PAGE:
I) Hotel Review: The Maple Leaf
- mid-priced hotel, $170 or so per night with lift ticket and free Internet.
- 100 yards from Trans-Canada highway. Like mom used to say: When crossing the street, always looking both ways for 18-wheelers.
- a 40-minute walk from small, downtown Revelstoke area with bars and restaurants.
- 15-minute shuttle bus-ride from the mountain. Bus is free and runs regularly and on time.
2) The Room:
- I am going to be here for 11 days and ask the desk clerk for something nice and quiet. He gives me a key.
- The room has a queen bed and smells like Frenches yellow mustard.
- Clerk gives me a second room. It has two queen beds and an efficiency kitchen. Smells like French bread and old ski underwear. I'll live.
3) Overall Impression: Satisfactory
- Points deducted for
a) Broken toilet seat: it is missing a bolt and slides around when you sit on it. It is also child-sized (I won't go into details: let's just say the seat is unusually small and neither my ass nor my equipment is unusually large.)
b) The hotel restaurant: Arby's
Erik and I go in for a meal. The place is devoid of patrons and staff. A lone hostess stands behind a cash register. A super-sized couple stands in front of us discussing a take-out order with hostess. The discussion is taking a long time. Maybe they are ordering lots of food. Judging by their girth, the couple must be regulars. Erik and I leave and eat at the Burger King across the highway.
II) Revelstoke Mountain Overview.
- Revelstoke wants to be the Jackson Hole of Canada: a mountain known for challenging terrain and nice facilities. The kind of place that attracts expert skiers and wannabees like me that want to be able say, "Yeah, I skied Revelstoke's North Bowl."
- The mountain claims to get 40 to 60 feet of snow per season. (resorts in New England may get 25 feet in a good season.)
- The mountain has the highest vertical (5,620 feet) of any resort in North America -- more than Whistler, more than Jackson Hole. Vertical measures the ski-able height of the mountain. Many Colorado mountains are 11,000 feet high, but the resort is located at 8,000 feet (11,000 feet minus 8,000 equals 3,000 feet of vertical.) The more vertical, the longer the challenging runs.
Things to fear on Revelstoke Mountain
- The North Bowl: Located on the backside of the mountain, this bowl is home to Revelstoke's scariest terrain. To enter the North Bowl, you have to ski down chutes located between rocky outcroppings, sometimes called cliffs. Here is a video of a relatively tame chute. Here is a not-so tame drop in that is about 20 feet high. I will not be dropping in like this.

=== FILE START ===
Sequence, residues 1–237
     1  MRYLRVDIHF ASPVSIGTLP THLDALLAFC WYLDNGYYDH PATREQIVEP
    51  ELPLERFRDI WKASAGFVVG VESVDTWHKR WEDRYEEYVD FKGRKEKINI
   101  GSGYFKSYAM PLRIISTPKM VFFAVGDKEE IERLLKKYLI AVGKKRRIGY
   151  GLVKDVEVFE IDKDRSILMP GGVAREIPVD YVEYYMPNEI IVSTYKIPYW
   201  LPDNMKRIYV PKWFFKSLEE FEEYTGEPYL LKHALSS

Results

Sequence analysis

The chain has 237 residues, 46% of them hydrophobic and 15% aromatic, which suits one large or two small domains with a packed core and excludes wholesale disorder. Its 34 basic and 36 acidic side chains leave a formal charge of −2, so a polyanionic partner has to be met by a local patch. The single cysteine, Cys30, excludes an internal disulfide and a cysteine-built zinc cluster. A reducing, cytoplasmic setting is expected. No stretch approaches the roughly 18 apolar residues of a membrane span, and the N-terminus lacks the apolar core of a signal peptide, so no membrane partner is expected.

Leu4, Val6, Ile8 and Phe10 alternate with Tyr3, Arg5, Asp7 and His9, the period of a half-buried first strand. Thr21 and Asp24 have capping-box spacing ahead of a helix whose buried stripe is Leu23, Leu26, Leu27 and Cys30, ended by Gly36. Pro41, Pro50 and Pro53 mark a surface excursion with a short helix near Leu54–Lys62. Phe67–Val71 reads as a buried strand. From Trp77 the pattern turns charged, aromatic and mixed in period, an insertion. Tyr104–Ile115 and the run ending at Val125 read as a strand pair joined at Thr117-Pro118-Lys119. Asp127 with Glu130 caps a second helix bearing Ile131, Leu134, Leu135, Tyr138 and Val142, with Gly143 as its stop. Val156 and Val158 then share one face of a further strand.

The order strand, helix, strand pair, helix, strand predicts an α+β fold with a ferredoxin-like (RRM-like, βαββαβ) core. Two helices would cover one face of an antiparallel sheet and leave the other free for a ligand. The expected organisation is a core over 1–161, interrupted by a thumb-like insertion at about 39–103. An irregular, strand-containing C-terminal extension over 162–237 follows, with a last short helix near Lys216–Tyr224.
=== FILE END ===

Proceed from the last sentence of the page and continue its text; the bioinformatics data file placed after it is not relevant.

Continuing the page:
- Tree Wells: The area around the base of trees can form a well, as much as 10 feet deep. The well is often camouflaged by light snow. Fall into a tree well head first and you experience a deep snow accident, which can lead to suffocation in minutes.
- Dead bodies: Ski resorts often have signs on trails that warn about unmarked obstacles. Normal obstacles include: rocks, roots, and stumps. At Revelstoke there appears to be another kind of obstacle.
Alarm goes off at 8:30. I had unpleasant dreams about North Bowls, tree wells, cliffs, and dead bodies. I don't want to go skiing today. But we ski and live and go to happy hour.
At the table next to us sits a snowboarder dude. Waitress approaches him.
"What can I get you?" she asks.
He looks at her name tag. "How about a Tanqueray and tonic, Miss Erin from Australia?"
"Want to make that a double?" she asks.
She brings his drink.
"How's life down under?" he asks.
She runs her hands through her hair.
He runs his hands through his hair.
She flirts. He flirts. She tugs on her tight shirt to cover her cleavage.
Flirt, flirt, flirt, flirt.
There is a pause in the action.
He leans in.
She leans in.
He asks for the order: "Erin, do you know where I can score some weed?"
Erin approaches us.
We order draft beers.
"Would you like to make that a pitcher?" she asks.